Hector MacPhail of Ruaig tells the story of the first voyage of Iain MacArthur from Roisgeal in Caoles on his uncle’s sailing ship. He was made to turn out in foul weather to change sail and to sew up the bodies of his fellow crew members after a fever had gone round the boat.
Five cards from Blue Beyond in their cellophane wrappers – three paintings by Colin Woodcock: `Mannal and Hynish`, `Houses at the Green` and `Balemartine Beach`; two textiles by Susan Woodcock: `Summer Sunrise` and `Sea Change`.
Audio cassette recording of John MacKinnon of Kilmoluaig talking to Maggie Campbell in October 1999.
John MacKinnon (Iain Chaluim) talks to Maggie Campbell in October 1999 about the people and places in and around Kilmoluaig, the use of lichen to dye cloth red, various ruins in the area around Loch Bhasapol where there used to be salmon and trout, the son of Sir Donald MacLean who spied for Russia, how the Green got its name, the once frequent sand drifts, the water drawn from wells, working crofts with horses, planting oats, turnips and potatoes, taking grain to the mill at Cornaig and the scarcity of people where they were once so plentiful. Tha Iain Chaluim a’ bruidhinn ri Magaidh Chaimbeul anns an Dàmhair 1999 mu na daoine agus àiteachan ann agus mun cuairt Cill Moluaig, feum crotail airson aodach a dhath gu dearg, diofrach thobhtaichean mun cuairt Loch Bhasapol far am b’ àbhaist bradan agus bric a bhi, mac fear-uasal Dhòmhnall ’IcIllEathain a bha na fhear-brathaidh airson an Ruis, mar a fhuair ‘An Green’ ainm, na cathaidhean gainmhaiche a b’ àbhaist a bhi ann, uisge air a tharraing a tobraichean, ag obair air na croitean le eich, a’ cur coirce, neipean agus buntàta, a’ toirt sìol don mhuilinn ann an Còrnaig agus cion nan daoine far an robh iad uaireigin gu math lìonmhor.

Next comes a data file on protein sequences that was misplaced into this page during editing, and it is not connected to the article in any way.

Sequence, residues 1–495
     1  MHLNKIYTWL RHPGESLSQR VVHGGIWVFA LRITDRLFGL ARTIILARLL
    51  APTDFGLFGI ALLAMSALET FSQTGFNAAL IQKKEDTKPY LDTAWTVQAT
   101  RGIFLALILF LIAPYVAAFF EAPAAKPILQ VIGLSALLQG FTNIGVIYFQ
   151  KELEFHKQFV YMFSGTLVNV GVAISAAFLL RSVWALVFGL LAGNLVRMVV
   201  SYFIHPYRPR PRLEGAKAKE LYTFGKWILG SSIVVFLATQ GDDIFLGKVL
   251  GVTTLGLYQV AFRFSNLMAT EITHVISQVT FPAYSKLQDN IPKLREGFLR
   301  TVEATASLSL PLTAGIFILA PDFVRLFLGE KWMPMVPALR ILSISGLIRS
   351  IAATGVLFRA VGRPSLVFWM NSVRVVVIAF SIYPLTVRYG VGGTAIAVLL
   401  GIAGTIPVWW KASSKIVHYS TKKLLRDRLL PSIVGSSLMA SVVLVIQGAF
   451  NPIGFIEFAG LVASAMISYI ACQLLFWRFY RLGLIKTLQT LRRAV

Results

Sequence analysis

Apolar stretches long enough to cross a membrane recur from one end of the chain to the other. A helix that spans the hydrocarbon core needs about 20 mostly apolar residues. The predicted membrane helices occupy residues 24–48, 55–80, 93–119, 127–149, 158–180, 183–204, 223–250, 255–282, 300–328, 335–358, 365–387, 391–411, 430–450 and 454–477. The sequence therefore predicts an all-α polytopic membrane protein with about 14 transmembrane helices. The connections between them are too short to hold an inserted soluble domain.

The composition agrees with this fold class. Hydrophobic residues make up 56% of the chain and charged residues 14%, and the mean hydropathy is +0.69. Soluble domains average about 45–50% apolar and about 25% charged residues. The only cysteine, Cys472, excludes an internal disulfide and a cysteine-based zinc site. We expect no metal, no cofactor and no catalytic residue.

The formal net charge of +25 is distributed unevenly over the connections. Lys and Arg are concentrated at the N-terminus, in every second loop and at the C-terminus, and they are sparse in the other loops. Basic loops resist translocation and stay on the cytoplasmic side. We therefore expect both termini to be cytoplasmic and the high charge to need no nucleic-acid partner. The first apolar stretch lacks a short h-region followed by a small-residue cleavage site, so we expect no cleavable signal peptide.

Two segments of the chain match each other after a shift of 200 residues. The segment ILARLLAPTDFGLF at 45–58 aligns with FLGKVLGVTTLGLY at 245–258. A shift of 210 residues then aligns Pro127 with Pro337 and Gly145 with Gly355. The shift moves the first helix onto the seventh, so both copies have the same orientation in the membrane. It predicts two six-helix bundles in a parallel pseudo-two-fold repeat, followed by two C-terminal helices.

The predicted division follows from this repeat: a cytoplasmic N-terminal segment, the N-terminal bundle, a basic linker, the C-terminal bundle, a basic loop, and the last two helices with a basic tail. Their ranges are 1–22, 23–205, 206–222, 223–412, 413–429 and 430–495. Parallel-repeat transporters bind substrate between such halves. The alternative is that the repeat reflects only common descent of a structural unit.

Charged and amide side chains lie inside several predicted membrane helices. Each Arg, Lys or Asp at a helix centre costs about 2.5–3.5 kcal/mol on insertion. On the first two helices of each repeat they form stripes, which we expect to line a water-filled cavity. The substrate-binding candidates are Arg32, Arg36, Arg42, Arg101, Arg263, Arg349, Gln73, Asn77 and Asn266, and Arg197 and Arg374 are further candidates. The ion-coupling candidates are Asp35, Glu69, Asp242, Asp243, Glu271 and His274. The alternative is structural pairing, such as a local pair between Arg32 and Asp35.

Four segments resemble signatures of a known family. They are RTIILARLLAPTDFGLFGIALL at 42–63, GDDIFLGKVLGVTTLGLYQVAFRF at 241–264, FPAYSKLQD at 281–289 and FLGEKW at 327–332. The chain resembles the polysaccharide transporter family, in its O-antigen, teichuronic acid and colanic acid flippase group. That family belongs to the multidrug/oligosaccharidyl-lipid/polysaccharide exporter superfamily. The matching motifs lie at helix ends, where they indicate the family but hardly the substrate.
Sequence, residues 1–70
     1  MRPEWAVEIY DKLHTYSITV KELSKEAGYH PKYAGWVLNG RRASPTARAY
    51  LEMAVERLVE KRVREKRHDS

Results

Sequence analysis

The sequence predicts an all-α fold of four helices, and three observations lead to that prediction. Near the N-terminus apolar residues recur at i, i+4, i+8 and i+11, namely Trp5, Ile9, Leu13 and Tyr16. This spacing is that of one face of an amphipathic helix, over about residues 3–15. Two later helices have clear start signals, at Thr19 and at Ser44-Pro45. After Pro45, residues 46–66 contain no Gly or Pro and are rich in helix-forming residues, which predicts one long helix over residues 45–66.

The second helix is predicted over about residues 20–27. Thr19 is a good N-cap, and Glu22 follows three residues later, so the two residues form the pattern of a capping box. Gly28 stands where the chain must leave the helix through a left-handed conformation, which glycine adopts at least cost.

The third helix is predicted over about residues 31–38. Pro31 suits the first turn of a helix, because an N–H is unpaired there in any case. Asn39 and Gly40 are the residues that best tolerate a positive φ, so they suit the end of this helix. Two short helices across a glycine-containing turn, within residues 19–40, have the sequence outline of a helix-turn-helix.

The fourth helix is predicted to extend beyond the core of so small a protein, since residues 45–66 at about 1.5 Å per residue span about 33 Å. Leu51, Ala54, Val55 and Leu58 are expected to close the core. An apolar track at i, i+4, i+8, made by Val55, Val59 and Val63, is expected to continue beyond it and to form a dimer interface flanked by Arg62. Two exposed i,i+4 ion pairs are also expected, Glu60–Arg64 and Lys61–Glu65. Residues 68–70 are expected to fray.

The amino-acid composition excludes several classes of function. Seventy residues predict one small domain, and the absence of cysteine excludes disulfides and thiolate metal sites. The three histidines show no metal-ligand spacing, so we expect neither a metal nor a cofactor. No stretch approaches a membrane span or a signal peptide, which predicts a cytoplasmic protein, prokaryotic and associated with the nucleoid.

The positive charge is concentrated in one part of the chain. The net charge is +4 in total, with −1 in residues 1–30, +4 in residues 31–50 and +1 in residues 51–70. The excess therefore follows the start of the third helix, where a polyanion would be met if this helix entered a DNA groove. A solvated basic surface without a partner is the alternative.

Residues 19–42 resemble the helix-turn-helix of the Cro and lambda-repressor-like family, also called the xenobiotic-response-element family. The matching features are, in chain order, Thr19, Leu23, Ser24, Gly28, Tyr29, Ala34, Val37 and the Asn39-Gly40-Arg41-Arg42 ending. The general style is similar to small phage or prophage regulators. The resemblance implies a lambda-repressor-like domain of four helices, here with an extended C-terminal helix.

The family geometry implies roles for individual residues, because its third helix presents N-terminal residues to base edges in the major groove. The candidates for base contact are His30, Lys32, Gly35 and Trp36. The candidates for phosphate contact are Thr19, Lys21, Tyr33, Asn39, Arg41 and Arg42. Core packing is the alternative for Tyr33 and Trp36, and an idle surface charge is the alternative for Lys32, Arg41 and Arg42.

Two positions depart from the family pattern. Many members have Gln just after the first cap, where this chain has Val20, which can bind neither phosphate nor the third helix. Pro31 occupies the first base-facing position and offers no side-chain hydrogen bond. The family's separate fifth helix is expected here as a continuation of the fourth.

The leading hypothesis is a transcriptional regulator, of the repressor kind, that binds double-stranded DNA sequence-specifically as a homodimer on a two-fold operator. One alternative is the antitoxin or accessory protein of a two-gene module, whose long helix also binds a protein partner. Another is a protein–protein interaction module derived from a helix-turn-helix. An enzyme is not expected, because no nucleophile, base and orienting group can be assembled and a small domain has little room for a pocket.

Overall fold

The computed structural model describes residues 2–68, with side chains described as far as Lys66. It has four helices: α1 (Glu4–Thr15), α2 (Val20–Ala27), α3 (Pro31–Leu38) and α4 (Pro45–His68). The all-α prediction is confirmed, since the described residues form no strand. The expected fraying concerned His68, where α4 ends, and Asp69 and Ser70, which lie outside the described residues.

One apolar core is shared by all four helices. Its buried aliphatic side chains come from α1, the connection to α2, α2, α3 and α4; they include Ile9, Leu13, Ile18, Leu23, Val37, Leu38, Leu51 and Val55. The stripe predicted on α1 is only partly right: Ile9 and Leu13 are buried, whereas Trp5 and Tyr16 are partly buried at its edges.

Transcription of John Ramsay’s report on Tiree schools in 1863.
Courtesy of His Grace the Duke of Argyll
In 1863, John Ramsay, MP for Falkirk Burghs, reported on the state of Tiree schools to the Royal Commission on Education in Scotland chaired by the 8th Duke of Argyll. Ramsay assessed the condition of the buildings, the quality of the teaching, the progress of the scholars and their attendance at school.
At the time of the report, there were eight schools on Tiree, two supported by the Church of Scotland, four by the Free Church Ladies Society and one each by the General Assembly and the Society for Propagating Christian Knowledge. Only three made a good impression.
The recommendations of the Argyll Commission were put into effect by the Education Act of 1872. Primary education was made compulsory for children aged five to thirteen and the control of schools placed in the hands of popularly elected school boards.